We asked you five questions about the City of London’s 108 Livery Companies, descendants of the mediaeval guilds. Here come the answers!
- How many of the 108 companies have a direct connection with leather? Two, four, six or eight?
Six – Leathersellers, Girdlers, Saddlers, Cordwainers, Curriers, Glovers. More tenuously you could add Upholders (upholsterers), Coachmakers and Coach Harness Makers, and Loriners (see the answer to Q.5 below!)
- What did the members of the Worshipful Company of Curriers originally do for a living?
- Blend spices
- Treat leather
- Transport goods
- Groom horses
Nothing to do with Indian curry, curry combs or carrying anything – “curriers” were responsible for curing leather.
- Which of the following trades or professions does not feature in the list of 108 companies?
- Water Conservators
- Image Consultants
- Environmental Cleaners
Actuaries have been one of the Worshipful Companies since 1979; Environmental Cleaners since 1986; and Water Conservators since 2000. No sign of Image Consultants yet, although Public Relations Practitioners are knocking on the door.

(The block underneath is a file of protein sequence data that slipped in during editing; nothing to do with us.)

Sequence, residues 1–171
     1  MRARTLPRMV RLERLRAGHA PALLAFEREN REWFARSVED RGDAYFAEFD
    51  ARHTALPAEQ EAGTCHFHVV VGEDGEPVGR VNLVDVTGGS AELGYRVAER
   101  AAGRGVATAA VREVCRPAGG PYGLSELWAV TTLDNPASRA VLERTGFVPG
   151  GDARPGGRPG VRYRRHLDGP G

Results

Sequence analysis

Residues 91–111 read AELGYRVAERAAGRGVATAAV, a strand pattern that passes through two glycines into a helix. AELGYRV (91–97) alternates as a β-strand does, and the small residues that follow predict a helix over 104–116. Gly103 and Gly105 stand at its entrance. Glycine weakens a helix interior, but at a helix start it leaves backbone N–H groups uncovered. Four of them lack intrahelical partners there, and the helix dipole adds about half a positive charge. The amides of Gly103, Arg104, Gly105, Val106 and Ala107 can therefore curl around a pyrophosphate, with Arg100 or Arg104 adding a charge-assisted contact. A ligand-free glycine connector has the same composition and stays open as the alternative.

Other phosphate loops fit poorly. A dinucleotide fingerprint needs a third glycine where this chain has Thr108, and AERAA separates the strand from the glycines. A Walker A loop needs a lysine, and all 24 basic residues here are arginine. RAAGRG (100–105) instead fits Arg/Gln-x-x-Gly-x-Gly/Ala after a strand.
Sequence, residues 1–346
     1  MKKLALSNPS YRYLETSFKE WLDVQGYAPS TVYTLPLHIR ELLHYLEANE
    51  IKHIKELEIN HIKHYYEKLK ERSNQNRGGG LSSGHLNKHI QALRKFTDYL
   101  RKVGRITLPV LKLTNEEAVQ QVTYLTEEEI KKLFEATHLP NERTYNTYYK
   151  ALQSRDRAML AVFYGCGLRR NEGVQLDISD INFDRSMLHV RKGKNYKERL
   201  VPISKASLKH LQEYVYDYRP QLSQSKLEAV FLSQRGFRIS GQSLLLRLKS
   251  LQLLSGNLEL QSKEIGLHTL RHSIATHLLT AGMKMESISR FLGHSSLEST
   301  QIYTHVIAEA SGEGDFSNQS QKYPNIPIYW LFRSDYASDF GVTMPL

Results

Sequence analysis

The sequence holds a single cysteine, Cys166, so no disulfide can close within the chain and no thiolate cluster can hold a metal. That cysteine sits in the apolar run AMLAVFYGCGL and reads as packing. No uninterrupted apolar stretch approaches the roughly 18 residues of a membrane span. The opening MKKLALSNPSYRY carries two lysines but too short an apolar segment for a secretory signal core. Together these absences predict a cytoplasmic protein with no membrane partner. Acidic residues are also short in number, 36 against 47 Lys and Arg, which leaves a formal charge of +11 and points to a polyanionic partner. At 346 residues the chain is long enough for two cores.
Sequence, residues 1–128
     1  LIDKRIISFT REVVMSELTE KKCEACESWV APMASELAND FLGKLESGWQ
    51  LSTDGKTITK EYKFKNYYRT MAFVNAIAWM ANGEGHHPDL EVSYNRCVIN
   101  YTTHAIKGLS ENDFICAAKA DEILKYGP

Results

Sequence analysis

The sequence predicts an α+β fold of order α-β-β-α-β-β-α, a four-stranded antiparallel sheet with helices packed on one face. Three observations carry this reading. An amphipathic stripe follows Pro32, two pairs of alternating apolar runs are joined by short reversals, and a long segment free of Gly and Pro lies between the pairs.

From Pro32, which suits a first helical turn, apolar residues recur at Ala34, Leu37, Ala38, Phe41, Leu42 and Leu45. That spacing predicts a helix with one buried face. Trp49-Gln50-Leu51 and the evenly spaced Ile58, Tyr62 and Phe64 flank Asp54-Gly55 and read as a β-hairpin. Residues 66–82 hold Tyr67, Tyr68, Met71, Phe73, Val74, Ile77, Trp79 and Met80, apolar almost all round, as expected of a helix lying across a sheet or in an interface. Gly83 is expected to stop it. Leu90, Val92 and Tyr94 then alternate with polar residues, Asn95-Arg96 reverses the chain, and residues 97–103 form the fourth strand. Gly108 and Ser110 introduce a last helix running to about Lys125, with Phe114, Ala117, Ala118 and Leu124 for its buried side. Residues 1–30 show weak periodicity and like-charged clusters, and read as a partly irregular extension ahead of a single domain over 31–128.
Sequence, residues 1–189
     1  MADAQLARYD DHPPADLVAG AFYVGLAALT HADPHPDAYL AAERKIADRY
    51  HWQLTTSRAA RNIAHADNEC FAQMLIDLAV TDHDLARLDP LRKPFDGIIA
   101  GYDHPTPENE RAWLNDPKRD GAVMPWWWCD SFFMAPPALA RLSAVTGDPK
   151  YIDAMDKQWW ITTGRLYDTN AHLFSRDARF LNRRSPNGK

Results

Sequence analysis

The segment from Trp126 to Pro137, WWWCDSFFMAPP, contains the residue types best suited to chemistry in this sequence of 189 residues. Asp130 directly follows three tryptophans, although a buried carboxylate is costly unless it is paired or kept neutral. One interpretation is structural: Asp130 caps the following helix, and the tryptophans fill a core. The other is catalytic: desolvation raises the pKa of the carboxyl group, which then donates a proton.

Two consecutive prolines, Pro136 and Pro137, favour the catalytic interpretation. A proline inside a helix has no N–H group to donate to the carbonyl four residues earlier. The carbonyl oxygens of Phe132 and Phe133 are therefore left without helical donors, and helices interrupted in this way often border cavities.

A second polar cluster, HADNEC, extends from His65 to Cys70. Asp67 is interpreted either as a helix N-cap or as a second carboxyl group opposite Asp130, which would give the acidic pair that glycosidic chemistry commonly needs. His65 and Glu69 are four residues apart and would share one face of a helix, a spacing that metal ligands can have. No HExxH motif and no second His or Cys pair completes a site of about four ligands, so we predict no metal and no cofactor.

- Which of the Worshipful Companies was originally responsible for overseeing surgeons?
Skinners were in the fur trade. Cutlers have branched out a bit and also gone “oop North” to Yorkshire, where the Company of Cutlers in Hallamshire has largely taken on the professional interest in steelware.
- What did/does a Loriner make?
- Metalwork for horses’ harnesses
- Wooden overshoes for use in mucky streets
- Opera glasses
- Church organs
Wooden overshoes (pattens) were made by Pattenmakers; opera glasses would fall in the ambit of the Spectacle Makers; and church organs are made by organ builders, a trade a bit too esoteric to be represented in the Livery Companies. HRH The Princess Royal is a prominent Loriner (she was Master Loriner for 1992-93).
How did you get on? Why not let us know?